Manson steers clear of religion for the most part (he does reference Buddhism a few times) and most of his self-help is philosophical in nature. He also provides plenty of illuminating anecdotes to illustrate his perspicacious observations. This also made me consider Aaron James’ 2012 book Assholes: A Theory as Manson spends a fair amount of time describing the actions and motivations of those among us who feel entitled.
A fun and insightful book.
** 2018 - Great book to think back on and its simple truths. I do give a f***, but I can't fix everything and I accept that. Ultimately its about boundaries and priorities.
2,382 reviews7,405 followers
May 7, 2021
💀 DNF at 29%
By the end of chapter 1, I was OD'ing on the word fuck.
Unbelievably improbable as it sounds, my best friend Kara Gillian has nothing on this guy here. And that, my Little Barnacles, is saying a whole bloody fucking lot.
By the end of chapter 2, I'd had it with Mark Manson's smug, narcissistic, sanctimonious, clichéd-to-death-and-back, infantilizing, everyone-but-me-is-a-fucking complete-dumbass, self-indulgent, shamelessly-repackaged-Eastern-philsophy-for-nitwits rubbish hogwash drivel poppycock balderdash gibberish sorry I ran out of polite synonyms CRAP.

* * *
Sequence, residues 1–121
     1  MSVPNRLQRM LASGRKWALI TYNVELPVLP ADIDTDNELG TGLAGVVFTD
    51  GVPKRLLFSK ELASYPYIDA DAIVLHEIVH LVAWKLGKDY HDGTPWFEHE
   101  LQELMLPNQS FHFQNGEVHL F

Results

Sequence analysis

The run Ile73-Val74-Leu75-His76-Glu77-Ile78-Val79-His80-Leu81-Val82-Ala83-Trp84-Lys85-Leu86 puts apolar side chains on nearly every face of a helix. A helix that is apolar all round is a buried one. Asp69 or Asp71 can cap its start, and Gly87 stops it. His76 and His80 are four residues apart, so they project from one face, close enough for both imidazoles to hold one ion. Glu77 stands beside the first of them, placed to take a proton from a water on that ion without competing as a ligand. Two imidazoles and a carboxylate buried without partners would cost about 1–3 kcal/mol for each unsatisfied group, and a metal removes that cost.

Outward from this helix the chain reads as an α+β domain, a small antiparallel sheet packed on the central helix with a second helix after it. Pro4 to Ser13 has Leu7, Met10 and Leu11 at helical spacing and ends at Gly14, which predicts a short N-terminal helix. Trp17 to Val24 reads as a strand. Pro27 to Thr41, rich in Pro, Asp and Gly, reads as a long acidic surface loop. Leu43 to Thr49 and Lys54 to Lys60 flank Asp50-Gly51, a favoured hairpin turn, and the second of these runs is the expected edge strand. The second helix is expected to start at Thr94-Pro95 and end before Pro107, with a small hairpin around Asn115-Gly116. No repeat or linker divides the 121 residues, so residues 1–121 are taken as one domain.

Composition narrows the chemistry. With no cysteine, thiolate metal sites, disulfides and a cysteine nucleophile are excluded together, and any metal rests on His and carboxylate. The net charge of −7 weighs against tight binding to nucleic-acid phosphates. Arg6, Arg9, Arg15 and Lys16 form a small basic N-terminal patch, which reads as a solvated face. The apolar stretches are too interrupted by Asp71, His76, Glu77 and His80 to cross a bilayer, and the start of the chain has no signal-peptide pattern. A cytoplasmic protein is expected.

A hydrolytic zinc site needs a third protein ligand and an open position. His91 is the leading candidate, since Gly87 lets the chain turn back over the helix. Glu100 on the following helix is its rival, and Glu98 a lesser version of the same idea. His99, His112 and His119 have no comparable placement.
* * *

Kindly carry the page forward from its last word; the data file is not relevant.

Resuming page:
By the end of chapter 3, I didn't give a bloody stinking fuck anymore. Yay! Mission accomplished and stuff!
P.S. I'm so joyfully, blissfully happy I DNFed the
fuck fish out of this one before getting to the sexist bullshit. Hadn't I displayed such amazing powers of prescience and precognition and stuff, the murderous crustaceans would have no doubt been slightly unleashed on a certain person who, come to think of it, probably would not have given half a quarter of a fuck about it, because he is so wonderfully detached like that.